Only 25 percent of retail executives expect to receive additional budget to support the expanded security necessary to protect IoT devices.
Just 18 percent of retail IT security professionals were concerned that point- of- sale devices were being targeted by cyber criminals, and only 20 percent were confident that POS devices were securely configured, according to a survey of 276 retail executives and IT professionals in the U.S. and U.K. Tripwire, a security software provider conducted the survey.
More than a third (34 percent) of retail executives said they were not confident that all of the devices on their networks were authorized, while 18 percent of financial services respondents and 20 percent of energy sector respondents expressed the same doubt.
"There are two primary areas of concern: data and physical actions. The Internet of Things will collect vast amounts of data, and retailers should be concerned about safeguarding what’s collected," Tim Erlin, director of IT security and risk strategy for Tripwire, told eWEEK
. "This is a challenge with consumer data today, and the Internet of Things will make it even harder."
Erlin said the second area of concern centers around IoT devices that can affect the physical world.
"We recently saw German a steel mill go up in flames because someone hacked in and disabled a safety control," he said. "There’s no reason that similar attacks can’t occur inside a retail establishment, injuring customers or trapping them."
Only 25 percent of retail executives expected to receive additional budget to support the expanded security necessary to protect IoT devices, and 59 percent of financial respondents and 52 percent of energy respondents expected to receive additional budget.
About 45 percent of retail executives said they were not concerned at all about the security risks associated with IoT devices connected to their networks, while 35 percent of financial services respondents said they are very concerned.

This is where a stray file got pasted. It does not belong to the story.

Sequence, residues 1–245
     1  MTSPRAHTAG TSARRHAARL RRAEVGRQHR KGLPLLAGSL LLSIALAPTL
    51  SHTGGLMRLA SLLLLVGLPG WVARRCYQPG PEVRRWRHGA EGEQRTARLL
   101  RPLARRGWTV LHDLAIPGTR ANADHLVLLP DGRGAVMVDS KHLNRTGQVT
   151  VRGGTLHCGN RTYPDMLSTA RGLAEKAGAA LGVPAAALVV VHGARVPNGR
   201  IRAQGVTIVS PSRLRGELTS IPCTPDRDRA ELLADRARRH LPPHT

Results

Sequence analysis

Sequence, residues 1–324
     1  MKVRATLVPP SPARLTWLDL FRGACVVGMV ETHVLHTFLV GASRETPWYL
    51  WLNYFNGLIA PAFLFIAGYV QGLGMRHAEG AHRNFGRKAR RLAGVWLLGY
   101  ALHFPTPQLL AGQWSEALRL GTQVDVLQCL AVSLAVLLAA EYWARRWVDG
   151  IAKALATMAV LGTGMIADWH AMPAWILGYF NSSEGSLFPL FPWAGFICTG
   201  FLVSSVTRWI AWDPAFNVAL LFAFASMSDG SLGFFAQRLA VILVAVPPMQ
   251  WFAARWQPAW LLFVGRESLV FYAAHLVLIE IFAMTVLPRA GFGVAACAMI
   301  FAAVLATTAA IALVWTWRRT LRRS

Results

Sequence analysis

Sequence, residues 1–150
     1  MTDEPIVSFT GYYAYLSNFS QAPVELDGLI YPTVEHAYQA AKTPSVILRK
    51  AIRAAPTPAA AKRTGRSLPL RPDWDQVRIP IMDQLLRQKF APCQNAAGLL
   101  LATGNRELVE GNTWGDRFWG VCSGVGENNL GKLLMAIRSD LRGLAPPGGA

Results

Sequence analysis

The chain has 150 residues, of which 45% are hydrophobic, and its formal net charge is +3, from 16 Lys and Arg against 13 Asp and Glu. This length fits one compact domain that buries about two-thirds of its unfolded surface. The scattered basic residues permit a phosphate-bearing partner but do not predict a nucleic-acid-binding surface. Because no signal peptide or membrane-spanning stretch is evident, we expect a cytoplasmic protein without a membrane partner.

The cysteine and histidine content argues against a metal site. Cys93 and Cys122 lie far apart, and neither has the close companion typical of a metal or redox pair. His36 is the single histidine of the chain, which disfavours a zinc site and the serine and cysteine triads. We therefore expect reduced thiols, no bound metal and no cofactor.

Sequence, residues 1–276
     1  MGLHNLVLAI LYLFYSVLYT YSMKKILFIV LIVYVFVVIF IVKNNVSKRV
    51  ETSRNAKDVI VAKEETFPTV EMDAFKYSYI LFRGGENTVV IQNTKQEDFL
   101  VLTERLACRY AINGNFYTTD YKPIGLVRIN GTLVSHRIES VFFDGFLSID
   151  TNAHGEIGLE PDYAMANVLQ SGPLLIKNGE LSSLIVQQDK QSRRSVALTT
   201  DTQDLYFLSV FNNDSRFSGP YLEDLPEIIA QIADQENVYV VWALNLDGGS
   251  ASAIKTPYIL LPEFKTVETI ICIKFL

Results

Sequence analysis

A little more than a third (36 percent) of retail executives said they were not confident that all the devices connected to their networks were running only authorized software.
In addition, just 25 percent of financial service respondents and 32 percent of energy respondents shared the same concern.
The study also revealed that 35 percent of retail IT professionals have inadequate visibility into the security of common devices already on their networks, such as routers, switches, modems and firewalls. More than half of respondents don’t believe they can effectively communicate the security risks associated with IoT devices to the C-suite and corporate board.
"Retailers are just starting to understand the potential advantages of massive data collection through distributed sensors. The Internet of Things has the potential to dramatically change the retail experience by bringing together data about consumers in ways that we’ve never imagined," Erlin said. "On a small scale, we can imagine stores that are more efficient for shoppers and have less wasted product. If we think big, why not imagine stores that dynamically stock product just before consumers arrive, or stores that automatically change their physical layout for specific times of the year or day."